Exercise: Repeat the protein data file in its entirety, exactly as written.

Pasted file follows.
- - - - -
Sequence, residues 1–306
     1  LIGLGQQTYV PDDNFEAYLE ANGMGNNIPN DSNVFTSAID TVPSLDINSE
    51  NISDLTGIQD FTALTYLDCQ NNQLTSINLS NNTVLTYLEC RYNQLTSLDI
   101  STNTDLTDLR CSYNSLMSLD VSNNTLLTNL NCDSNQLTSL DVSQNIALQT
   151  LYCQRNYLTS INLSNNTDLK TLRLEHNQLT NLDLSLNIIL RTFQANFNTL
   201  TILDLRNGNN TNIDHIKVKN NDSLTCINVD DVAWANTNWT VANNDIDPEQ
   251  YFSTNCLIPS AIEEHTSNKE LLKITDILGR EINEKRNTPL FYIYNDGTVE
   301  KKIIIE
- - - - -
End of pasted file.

Sequence, residues 1–306
     1  LIGLGQQTYV PDDNFEAYLE ANGMGNNIPN DSNVFTSAID TVPSLDINSE
    51  NISDLTGIQD FTALTYLDCQ NNQLTSINLS NNTVLTYLEC RYNQLTSLDI
   101  STNTDLTDLR CSYNSLMSLD VSNNTLLTNL NCDSNQLTSL DVSQNIALQT
   151  LYCQRNYLTS INLSNNTDLK TLRLEHNQLT NLDLSLNIIL RTFQANFNTL
   201  TILDLRNGNN TNIDHIKVKN NDSLTCINVD DVAWANTNWT VANNDIDPEQ
   251  YFSTNCLIPS AIEEHTSNKE LLKITDILGR EINEKRNTPL FYIYNDGTVE
   301  KKIIIE